here's the joke: "If it's bad for the country, it's good for The Nation."The country is the U.S.A., and The Nation is the journal of leftist opinion that's been a weekly publication since 1865. A profitable journal? Yes and no. Yes, if you count the three out of its 140 years that The Nation did better than break even. (Which three? No one seems to know.) No, if you count the magazine's other 137 years, influential but in the red.
Leave it to perpetual sourpuss and Nation contributor Calvin Trillin to put it this way: "I would describe [The Nation] as a pinko magazine printed on very cheap paper. It's probably the only magazine in the country if you make a Xerox of it, the Xerox looks a lot better than the original."
So what. The Nation survives -- despite its stock, despite its spotty advertising -- because there's no time like the present, which happens to be bad for the country. And guess what. Nation subscriptions are up! Victor Navasky says so. He's the publisher. He used to be the editor. He writes about it in A Matter of Opinion (Farrar, Straus and Giroux), a look back on his life, our nation, and The Nation, and you needn't be a journalism junkie to learn a thing or two -- make that a hell of a lot -- about the glories and pitfalls of magazine publishing and the freedom of the press. Or maybe not so free, to judge from Navasky's fight over the years for his and your constitutional rights. The book is anything but hard-going, but it does raise hard issues. It does so using a conversational tone and, more often than not, great humor. It had have my undivided attention for 400-plus pages.
We're in England, the late '90s, And something weird's at work at Hailsham, the boarding school that's been home to a group of students, including Kathy H. and Tommy D. The teachers are generous, but the students refer to them as guardians. There's also talk of "donors" and "carers," of "possibles" and "completions." There's a rumored gallery of student artwork to be used as "evidence" and another rumor about temporary "deferrals."
Students receive weekly physicals, but by all appearances, they're your normal run of teenagers. They have their studies. They have their sports. They have their circles of friends. And they have their hormones. So they have sex, which is casual, because both girls and boys understand that they cannot have children.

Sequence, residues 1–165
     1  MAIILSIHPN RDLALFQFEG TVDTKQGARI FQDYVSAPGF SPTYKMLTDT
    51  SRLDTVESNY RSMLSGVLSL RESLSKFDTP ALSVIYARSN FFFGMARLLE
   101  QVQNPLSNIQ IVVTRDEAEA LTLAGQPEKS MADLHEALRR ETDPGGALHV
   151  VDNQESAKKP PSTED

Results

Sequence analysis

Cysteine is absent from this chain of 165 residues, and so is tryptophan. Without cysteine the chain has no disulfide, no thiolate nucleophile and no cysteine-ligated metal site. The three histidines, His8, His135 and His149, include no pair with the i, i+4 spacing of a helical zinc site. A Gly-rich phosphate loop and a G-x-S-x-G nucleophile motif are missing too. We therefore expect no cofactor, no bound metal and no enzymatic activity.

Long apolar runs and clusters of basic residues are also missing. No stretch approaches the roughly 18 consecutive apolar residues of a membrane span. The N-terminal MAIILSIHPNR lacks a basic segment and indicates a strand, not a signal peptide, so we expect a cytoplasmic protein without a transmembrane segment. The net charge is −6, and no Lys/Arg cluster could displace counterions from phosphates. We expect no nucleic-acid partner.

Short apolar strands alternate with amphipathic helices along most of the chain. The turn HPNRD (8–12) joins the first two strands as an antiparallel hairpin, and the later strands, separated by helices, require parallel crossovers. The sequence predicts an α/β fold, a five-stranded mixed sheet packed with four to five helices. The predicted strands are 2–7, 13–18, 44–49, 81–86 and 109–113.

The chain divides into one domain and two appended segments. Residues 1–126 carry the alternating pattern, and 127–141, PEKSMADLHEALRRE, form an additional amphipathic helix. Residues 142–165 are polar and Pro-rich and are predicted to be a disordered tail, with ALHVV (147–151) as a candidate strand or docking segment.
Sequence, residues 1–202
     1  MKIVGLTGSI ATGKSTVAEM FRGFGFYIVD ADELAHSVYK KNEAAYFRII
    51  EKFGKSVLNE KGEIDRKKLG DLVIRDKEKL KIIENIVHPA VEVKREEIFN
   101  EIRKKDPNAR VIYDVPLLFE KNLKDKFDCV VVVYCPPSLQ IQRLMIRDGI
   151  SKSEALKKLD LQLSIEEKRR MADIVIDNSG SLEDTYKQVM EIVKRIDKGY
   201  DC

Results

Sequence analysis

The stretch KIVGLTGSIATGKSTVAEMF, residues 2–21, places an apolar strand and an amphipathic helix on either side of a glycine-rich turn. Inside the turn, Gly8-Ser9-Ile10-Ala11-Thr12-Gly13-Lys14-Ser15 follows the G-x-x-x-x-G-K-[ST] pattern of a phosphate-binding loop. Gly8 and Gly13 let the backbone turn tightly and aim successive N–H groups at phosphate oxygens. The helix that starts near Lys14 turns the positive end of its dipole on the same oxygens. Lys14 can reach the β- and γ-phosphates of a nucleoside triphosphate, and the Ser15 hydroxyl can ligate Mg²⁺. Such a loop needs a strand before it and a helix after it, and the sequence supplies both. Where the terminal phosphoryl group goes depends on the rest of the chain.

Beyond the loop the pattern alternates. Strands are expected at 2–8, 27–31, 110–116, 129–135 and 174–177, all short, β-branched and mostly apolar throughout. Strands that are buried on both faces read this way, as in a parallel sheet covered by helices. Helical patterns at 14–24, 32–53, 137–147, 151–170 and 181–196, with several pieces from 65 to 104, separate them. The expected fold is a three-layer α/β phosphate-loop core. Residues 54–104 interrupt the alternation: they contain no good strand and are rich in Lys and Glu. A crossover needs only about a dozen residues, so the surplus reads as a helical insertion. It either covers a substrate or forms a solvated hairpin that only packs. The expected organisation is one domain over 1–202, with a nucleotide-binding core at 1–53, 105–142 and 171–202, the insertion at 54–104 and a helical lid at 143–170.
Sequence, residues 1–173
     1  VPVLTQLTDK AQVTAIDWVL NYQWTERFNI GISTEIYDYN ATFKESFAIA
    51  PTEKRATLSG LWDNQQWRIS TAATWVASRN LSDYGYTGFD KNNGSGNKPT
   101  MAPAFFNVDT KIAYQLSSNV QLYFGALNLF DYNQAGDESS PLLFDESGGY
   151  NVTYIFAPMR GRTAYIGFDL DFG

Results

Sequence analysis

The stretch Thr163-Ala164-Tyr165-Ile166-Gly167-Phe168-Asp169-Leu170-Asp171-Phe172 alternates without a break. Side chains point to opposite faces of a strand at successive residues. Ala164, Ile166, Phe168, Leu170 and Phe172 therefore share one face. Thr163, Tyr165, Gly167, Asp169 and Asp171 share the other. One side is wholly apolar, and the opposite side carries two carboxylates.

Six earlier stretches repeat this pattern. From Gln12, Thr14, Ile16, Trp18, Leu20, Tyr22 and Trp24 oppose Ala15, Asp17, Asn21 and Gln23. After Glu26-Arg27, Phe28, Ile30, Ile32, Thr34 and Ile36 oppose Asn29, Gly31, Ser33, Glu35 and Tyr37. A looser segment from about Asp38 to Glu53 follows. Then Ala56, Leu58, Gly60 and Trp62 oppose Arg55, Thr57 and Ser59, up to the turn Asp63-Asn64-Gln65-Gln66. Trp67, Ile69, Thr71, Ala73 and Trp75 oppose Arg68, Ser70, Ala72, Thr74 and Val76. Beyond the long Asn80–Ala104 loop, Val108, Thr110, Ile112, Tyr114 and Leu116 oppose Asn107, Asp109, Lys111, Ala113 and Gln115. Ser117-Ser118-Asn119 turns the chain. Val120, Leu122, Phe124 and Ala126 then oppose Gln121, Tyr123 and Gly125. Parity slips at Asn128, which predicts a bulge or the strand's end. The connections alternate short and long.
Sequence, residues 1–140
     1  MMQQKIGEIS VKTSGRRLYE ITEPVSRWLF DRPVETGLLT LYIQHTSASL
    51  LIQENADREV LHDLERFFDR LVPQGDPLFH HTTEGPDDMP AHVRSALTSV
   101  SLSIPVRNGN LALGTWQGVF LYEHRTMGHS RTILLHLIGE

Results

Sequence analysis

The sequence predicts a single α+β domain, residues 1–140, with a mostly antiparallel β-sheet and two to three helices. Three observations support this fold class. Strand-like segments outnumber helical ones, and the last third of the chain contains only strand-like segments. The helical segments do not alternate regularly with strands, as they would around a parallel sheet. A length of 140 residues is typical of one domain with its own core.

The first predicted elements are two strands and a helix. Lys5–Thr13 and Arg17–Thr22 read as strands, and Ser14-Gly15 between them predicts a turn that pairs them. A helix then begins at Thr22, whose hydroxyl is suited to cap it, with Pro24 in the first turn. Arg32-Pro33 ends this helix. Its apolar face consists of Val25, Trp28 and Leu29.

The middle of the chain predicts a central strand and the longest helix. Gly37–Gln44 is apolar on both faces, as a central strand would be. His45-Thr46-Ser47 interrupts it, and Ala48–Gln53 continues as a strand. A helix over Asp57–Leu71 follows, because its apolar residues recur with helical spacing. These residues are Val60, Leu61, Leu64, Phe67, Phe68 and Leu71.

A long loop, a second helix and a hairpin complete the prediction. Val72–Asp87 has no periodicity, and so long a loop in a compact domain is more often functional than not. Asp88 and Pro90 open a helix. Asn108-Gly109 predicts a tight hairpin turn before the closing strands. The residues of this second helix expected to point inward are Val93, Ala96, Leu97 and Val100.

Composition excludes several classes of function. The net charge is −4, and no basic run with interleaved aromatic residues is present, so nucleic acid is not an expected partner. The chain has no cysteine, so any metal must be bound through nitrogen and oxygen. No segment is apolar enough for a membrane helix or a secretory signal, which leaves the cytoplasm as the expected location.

The students appear to be orphans. But that presupposes they had parents. What they had instead were "models," and it in no way spoils Kazuo Ishiguro's newest novel, Never Let Me Go (Knopf), to report that these kids are clones and that their mission in adult life is to donate their organs to those in need "out there." After four donations, they "complete." Do they freely accept an early death? Are they mourned? Do they have capacities that we would recognize as fully human? Those are good questions. Souls? That's the ultimate question.
Ishiguro measures out this tale in small increments, the lives (and inner lives) of Kathy, Tommy, and their best friend (and sometime nemesis) Ruth described to a degree that can be slow-going and of questionable purpose. No denying, however, that Never Let Me Go will have a creeping, creepy effect on patient readers. But beware: You want science fiction? Look elsewhere.
Native Memphian Eric Jerome Dickey's Genevieve (Dutton) is about a hotshot business consultant in L.A. married to a hotshot medical researcher. They live the very good life in California; she lived a pretty bad life growing up in Alabama. When her wicked grandmother dies, Genevieve travels home for the funeral, but her husband lands straight in the arms of her sexy sister. Or is she Genevieve's sister? (No question about the sexy.)
This makes Dickey's 11th novel in nine years. He's a regular headliner on best-seller lists, and here's why: His depictions of contemporary, urban African-American life at its glitzed-out best make for irresistible page-turners. (The graphic sex scenes don't hurt either.) Beneath the glitz, however: plenty of raw feelings in the battle between the sexes. Genevieve delivers both: the high life and the lowdown.